Politics and pours: Why beer distributors donate to General Assembly races

RICHMOND, Va. — On a chilly fall night in the Scott’s Addition neighborhood of Richmond, just ahead of the statewide Virginia election, Ardent Craft Ales’ front patio is full. Couples share drinks, friends gather after work and dogs wander amongst the picnic tables, lit by overhead string lights.

Among those gathered on the front patio is Pat Smith, who enjoys going to local breweries after work with his co-workers.

“Even if I didn’t work in Scott’s Addition, I would still come here,” Smith said.

Enjoying local craft beer inevitably pours funds into politics, further down the distribution line.

The Virginia Beer Wholesalers Association is the seventh-largest political donor in Richmond this year, according to the Virginia Public Access Project. Since 1996, the VBWA has donated almost $5 million to political candidates and committees in Virginia, with Republicans receiving $1.1 million more than Democrats during that time.

The VBWA represents 24 beer distributors operating in the state. Virginia breweries have to use a distributor once their product leaves the brewery. In Richmond, Brown Distributing Co. sells to retailers local craft beer favorites such as Ardent, Center of the Universe, Hardywood, Kindred Spirit, Steam Bell, and Triple Crossing.

Premium Distributors of Virginia, which acquired Henrico County-based Loveland Distributing last year, lists on its website local and regional brands such as Trapezium Brewing Co., Lickinghole Creek, The Virginia Beer Co. and South Street. The company says they distribute 12 million cases of beer each year to more than 7,300 retailers across 26 counties in Virginia.

VBWA president Philip Boykin said the association does not “discuss political funding outside of our membership.”

Campaign finance data from VPAP show that in 2019, through Oct. 24, the VBWA donated $328,631, with Republican candidates and committees receiving $8,473 more than their Democrat counterparts.

Del. Kirk Cox, R-Colonial Heights, received the most contributions from the VBWA this year, with $20,000. Sen. Richard Saslaw, D-Fairfax, is the next highest recipient with $15,000. Saslaw also leads all active politicians in donations from the VBWA, with $186,591 in total contributions dating back to 1996, according to VPAP.

Cox currently serves as Speaker of the House and Saslaw is the Senate Minority Leader.

Eric Wise is co-owner of Allied Craft Distribution, a Richmond-based distributor specializing in specialty craft beer. In his free time he helps with political campaigns. Wise said that donating large amounts of money to both political parties is typical of trade organizations like the VBWA. Allied Craft Distribution is not a member of the VBWA.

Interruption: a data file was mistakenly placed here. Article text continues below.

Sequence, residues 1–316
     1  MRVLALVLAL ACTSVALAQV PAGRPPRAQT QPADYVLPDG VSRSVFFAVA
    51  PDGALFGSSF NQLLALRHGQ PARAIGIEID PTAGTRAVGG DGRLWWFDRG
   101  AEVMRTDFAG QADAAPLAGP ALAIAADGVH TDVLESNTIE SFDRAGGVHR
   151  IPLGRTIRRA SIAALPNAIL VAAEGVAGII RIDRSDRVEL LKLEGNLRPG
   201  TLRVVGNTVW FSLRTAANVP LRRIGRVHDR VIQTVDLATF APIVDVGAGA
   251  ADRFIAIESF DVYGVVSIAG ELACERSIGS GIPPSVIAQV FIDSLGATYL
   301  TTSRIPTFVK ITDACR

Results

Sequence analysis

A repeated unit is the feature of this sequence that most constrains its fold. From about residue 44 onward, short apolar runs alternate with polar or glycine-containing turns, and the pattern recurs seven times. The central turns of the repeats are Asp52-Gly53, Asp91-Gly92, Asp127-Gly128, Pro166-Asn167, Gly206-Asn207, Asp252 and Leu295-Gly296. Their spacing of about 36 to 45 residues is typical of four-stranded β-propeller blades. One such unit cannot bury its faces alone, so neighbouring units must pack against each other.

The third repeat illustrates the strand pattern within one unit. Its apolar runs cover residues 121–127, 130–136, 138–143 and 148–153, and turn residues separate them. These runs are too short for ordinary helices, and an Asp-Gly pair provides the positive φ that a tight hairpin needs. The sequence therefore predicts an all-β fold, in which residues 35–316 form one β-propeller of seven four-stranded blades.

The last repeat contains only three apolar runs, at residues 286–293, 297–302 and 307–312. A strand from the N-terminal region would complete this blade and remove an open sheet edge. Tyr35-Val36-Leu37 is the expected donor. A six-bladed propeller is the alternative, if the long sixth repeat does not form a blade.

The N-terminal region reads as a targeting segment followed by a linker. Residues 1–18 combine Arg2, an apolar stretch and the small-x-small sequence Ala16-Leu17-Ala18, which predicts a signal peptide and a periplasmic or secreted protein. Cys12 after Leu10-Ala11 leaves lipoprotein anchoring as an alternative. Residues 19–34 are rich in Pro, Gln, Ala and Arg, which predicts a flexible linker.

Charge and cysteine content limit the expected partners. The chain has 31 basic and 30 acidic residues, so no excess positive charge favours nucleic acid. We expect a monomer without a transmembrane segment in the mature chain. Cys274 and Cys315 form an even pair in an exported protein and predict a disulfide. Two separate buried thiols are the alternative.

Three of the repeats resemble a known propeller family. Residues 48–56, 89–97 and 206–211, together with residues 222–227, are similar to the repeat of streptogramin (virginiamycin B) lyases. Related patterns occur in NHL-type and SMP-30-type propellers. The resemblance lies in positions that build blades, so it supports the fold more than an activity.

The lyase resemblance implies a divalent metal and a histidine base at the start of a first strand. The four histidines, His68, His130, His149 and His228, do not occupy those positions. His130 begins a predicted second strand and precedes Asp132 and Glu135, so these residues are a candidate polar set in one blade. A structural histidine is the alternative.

“Right now the laws are very distributor friendly,” Wise said. “I’m guessing it’s up to an organization that lobbies for distributors to keep it that way.”

Eleven distributors did not respond to a request for comment on this story.

The VBWA aims to protect the three-tier system, which governs how craft breweries distribute their product. Under this system, breweries sell their products to distributors, who then sell it to retailers. Virginia has maintained a three-tier system since the 21st Amendment was ratified in 1933, allowing states to set their own laws on alcohol.

The VBWA’s website says it supports the three-tier system because it “helps ensure that every product sold in Virginia pays its fair share of Virginia taxes.” The association also says the system helps foster competition in the industry.

Despite the longevity of the three-tier system, laws have changed related to craft breweries. In 2012, SB 604 allowed breweries with a taproom to sell their product directly “at premises described in the brewery license for on-premises consumption and in closed containers for off-premises consumption.”

“That was a big change that kind of made Hardywood [Park Craft Brewery] what they were, not just a brewery but a tasting room and a destination,” said Wise. “Everyone kind of followed suit after that.”

According to the Brewers Association, Virginia had 236 craft breweries in 2018, which generated an economic impact of over $1.7 billion. The number of craft breweries in the commonwealth has more than tripled since 2014. For customers like Smith, as craft brewing grows in Virginia, the politics become harder to ignore.

“Stone Brewing is in Richmond because then-Gov. Terry McAuliffe was very on the record as saying he was a fan of Stone Brewing,” Smith said. “So I think it’s very naive to say that the politics behind it doesn’t affect it, like it absolutely does.”

As for how politics could affect consumer decisions, some beer drinkers said that quality factored into their decisions as much or more than the beliefs of the business – but not everyone agrees.

“When I go out, not only am I thinking about quality, and all of those things that fit into it, I’m thinking about who am I giving my money to, to continue doing what they’re doing, and for what reasons?” said Karly Hartline from her perch on a Scott’s Addition patio.

Customers went on to say that they value the “escape” of going out, and that they prefer their experience to be independent of politics.

“I would rather not know your politics than know you support my views,” Smith said. “At the end of the day, it’s beer. If I like your beer, I like your beer.”

By Jason Boleman/Capital News Service

Capital News Service is a flagship program of VCU’s Robertson School of Media and Culture. Students participating in the program provide state government coverage for Virginia’s community newspapers and other media outlets.

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